VA to Begin Legal Process of Replacing Three German POW Headstones

VA to Begin Legal Process of Replacing Three German POW Headstones

WASHINGTON, D.C. — The U.S. Department of Veterans Affairs (VA) announced that it will initiate the process required by law to replace three German prisoner of war headstones in national cemeteries in Texas and Utah.

The headstones are controversial because they bear swastikas and other symbols and texts related to the Nazi regime that millions of Americans fought during World War II.

The headstones mark the graves of prisoners of war and are located at sites and in cemeteries protected by the National Historic Preservation Act (NHPA). Consequently, under NHPA, VA is not permitted to unilaterally remove them or alter them. However, later this month, under Section 106 of NHPA, VA will begin taking required steps including consultation with stakeholders about how to replace these headstones with historically accurate markers that do not include the Nazi swastika and German text.

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“Americans must always remember the horror of the Nazi regime and why so many Americans sacrificed so much to free the world from its reign of terror,” said VA Secretary Robert Wilkie. “It is understandably upsetting to our Veterans and their families to see Nazi inscriptions near those who gave their lives for this nation. That’s why VA will initiate the process required to replace these POW headstones.”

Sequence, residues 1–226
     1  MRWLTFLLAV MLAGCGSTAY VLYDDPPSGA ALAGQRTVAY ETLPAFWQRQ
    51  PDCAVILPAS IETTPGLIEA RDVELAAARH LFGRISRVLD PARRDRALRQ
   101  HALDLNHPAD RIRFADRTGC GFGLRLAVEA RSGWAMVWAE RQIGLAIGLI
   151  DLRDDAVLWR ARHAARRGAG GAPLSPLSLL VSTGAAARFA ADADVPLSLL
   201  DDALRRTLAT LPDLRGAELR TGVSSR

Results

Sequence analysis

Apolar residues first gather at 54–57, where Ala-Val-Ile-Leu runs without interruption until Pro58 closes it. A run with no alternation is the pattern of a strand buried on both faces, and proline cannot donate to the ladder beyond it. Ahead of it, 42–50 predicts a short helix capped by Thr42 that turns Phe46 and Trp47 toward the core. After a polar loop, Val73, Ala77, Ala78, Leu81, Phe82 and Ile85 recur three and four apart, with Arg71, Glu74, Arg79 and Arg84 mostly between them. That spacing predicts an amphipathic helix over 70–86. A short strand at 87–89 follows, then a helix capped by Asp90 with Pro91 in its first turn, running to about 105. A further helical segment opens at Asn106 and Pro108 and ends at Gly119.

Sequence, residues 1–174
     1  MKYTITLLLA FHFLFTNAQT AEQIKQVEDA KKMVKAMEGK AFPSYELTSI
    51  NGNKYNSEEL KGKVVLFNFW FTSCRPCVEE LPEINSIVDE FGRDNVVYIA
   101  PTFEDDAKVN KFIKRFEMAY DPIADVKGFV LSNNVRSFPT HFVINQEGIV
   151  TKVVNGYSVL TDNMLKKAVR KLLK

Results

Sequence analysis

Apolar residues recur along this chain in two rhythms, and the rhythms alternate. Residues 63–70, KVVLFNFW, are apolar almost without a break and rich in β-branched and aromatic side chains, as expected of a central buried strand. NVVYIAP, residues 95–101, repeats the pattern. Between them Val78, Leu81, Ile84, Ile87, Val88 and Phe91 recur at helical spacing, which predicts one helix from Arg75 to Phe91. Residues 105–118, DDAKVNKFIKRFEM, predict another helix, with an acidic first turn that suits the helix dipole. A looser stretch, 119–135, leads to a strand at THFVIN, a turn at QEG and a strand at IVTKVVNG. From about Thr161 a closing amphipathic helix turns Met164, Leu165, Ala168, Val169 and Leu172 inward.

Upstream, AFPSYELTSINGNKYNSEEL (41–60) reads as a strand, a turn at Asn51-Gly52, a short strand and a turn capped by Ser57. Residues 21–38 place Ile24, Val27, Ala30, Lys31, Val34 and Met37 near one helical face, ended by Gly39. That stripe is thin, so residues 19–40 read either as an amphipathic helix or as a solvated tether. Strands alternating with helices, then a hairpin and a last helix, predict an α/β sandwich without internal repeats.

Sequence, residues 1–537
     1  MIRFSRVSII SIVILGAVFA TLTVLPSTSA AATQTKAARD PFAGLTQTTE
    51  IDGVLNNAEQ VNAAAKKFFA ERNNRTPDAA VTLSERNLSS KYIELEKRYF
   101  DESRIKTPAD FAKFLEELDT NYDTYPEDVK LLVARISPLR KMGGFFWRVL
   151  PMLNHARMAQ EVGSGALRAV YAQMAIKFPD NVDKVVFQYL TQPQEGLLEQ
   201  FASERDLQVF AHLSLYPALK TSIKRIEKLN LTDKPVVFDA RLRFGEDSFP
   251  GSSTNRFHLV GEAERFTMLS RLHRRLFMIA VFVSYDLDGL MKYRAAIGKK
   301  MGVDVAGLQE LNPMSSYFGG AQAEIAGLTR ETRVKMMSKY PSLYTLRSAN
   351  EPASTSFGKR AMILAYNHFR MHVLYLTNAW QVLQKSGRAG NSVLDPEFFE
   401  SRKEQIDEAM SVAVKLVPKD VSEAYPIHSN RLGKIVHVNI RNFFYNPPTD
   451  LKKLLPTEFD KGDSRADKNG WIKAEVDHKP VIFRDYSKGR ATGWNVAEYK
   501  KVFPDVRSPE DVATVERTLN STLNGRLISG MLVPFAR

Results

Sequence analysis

The German POW headstones are located in the Fort Sam Houston National Cemetery in San Antonio, Texas, and the Fort Douglas Post Cemetery in Salt Lake City, Utah. The cemeteries were under the control of the Army when these interments occurred in the 1940s. The Ft. Sam Houston and Ft. Douglas cemeteries were subsequently transferred to VA’s National Cemetery Administration in 1973 and 2019, respectively. Once replaced, VA will propose to preserve the headstones in its National Cemetery Administration History Collection.

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VA will also install interpretive signs at all VA national cemeteries where foreign enemy prisoners of war are interred in order to provide historical context about how non-U.S. service members from World War I and World War II were interred and buried on American soil.

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John Moshier
John Moshier
June 3, 2020 6:55 pm

Changing the headstones to whitewash history to reflect current thinking is an insult to those who created the headstones and What they thought and did in creating them. It seems highly humane and respectful to memorialize enemy soldiers in a way that recognizes their individual humanity.